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The Northern High School yearbook office is covered in Burger King crowns.

It’s not so much to show the group’s penchant for fast food, but to celebrate the publication’s Crown Award from Columbia Scholastic Press Association, putting it in the top 3 percent of yearbooks in the country.

Yearbook teacher Adrienne Forgette explained that the class falls under advanced journalism and is taken by 43 sophomores, juniors and seniors. In addition to compiling the school’s yearbook, Forgette said the students also learn InDesign, Photoshop, Associated Press writing style and photo composition.

“We follow the classic journalism style to a T,” Forgette said.

The Columbia Scholastic Press Association is an organization owned by Columbia University designed to bring together student editors and faculty advisers who produce student newspapers, magazines, yearbooks and online media, said the association’s website, which said it was formed in 1925.

She said the winning publication was for the 2011-2012 yearbook and they learned of the award in December.

Forgette said the group will attend the Columbia Scholastic Press Association’s annual yearbook conference March 23 at Columbia University in New York, where they will find out if they received a gold or silver award.

“I’m pretty sure we’ll get a silver because it’s our first crown,” she said, continuing that the group will also travel to Pepperdine University in Malibu, Calif., over the summer for yearbook camp.

The book was also chosen by its publishing company, Balfour Publishing, to be a national sample book, meaning it will be used as a model book to schools all over the country.

The theme for the award-winning yearbook was “You See Me,” and to display that theme, the students chose to make some of the pages mostly black and white with certain details in color to give them an extra pop.

“Our coverage, thematically, worked really well,” Forgette said.

Current editor-in-chief and last year’s sports editor Alexa Leininger, 18, said her favorite page from last year’s book was of a student throwing his books up in the air as he’s standing against a white wall. The photo, taken by class of 2012 photographer Kelly Pietroproli, captures the books mid-air.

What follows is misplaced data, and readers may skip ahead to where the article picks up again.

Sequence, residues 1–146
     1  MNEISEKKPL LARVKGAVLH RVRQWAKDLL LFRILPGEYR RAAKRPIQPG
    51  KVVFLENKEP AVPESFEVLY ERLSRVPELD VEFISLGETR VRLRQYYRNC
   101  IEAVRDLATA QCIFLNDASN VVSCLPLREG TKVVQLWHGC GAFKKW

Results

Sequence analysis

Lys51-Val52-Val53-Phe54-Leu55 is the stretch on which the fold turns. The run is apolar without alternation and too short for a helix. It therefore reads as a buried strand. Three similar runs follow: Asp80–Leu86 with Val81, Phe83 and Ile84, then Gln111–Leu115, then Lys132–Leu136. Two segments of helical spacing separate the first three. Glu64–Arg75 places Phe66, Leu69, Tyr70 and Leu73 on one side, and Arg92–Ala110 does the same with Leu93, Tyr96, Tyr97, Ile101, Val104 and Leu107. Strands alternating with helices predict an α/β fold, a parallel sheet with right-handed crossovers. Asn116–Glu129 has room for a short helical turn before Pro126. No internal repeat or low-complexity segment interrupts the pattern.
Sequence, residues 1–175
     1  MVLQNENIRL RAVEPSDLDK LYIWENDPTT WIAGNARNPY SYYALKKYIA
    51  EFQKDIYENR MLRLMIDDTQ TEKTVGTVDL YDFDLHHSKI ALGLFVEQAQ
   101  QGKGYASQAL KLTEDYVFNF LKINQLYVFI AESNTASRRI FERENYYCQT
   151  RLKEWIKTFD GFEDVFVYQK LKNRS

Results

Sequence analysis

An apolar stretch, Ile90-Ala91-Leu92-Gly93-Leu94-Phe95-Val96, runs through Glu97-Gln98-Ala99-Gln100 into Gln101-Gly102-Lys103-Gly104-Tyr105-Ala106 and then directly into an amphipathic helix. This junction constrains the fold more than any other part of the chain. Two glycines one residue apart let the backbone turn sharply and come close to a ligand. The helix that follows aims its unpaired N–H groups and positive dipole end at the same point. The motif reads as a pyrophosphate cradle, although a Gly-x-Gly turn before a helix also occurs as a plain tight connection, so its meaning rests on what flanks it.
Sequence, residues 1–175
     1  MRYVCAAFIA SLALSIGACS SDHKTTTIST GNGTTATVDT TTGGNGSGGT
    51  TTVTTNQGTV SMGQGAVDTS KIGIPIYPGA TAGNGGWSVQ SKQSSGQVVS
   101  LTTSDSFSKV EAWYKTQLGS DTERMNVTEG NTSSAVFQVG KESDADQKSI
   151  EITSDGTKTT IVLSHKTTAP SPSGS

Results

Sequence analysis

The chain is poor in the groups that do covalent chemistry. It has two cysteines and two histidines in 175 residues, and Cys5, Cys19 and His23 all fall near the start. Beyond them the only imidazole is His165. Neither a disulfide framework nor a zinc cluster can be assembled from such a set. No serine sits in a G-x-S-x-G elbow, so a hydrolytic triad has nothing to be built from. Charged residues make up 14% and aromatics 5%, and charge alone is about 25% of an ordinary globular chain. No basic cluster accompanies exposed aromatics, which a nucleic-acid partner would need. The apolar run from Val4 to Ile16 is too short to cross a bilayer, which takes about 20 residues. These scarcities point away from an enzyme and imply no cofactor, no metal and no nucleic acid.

“We put a lot of hard work into it and we really stepped out of the boundaries of things we’ve done in the past,” Leininger, who is a senior, said.

The editor-in-chief for last year’s winning book was Keely Mullens, who also graduated in June 2012. Leininger said she has been happy to fill her shoes.

“I feel like, as editor, I get to show the staff a type of passion that they might not have yet. Basically, I try to lead by example,” Leininger said.

Copy editor Maddie Buckley, 16, said her love of journalism and writing drew her to the yearbook class.

“I’ve met so many new people and so many awesome people. I love it,” the junior said. Buckley said she is able to utilize her writing skills for the yearbook by writing a new story to go with the main topic of every page spread.

However, Buckley said they are trying to make the yearbook more reader friendly this year by breaking up more of the paragraphs in the news stories and adding more Question and Answer features.

Buckley said while she knew her fellow students enjoyed reading the yearbook, she wasn’t sure if they recognized everything behind its compilation.

“They like it, but I’m not sure they appreciate it as much as they would if they knew the level of work we put into it compared to other schools,” she said, continuing that this made the Crown Award even sweeter.

“I was very, very excited,” she said.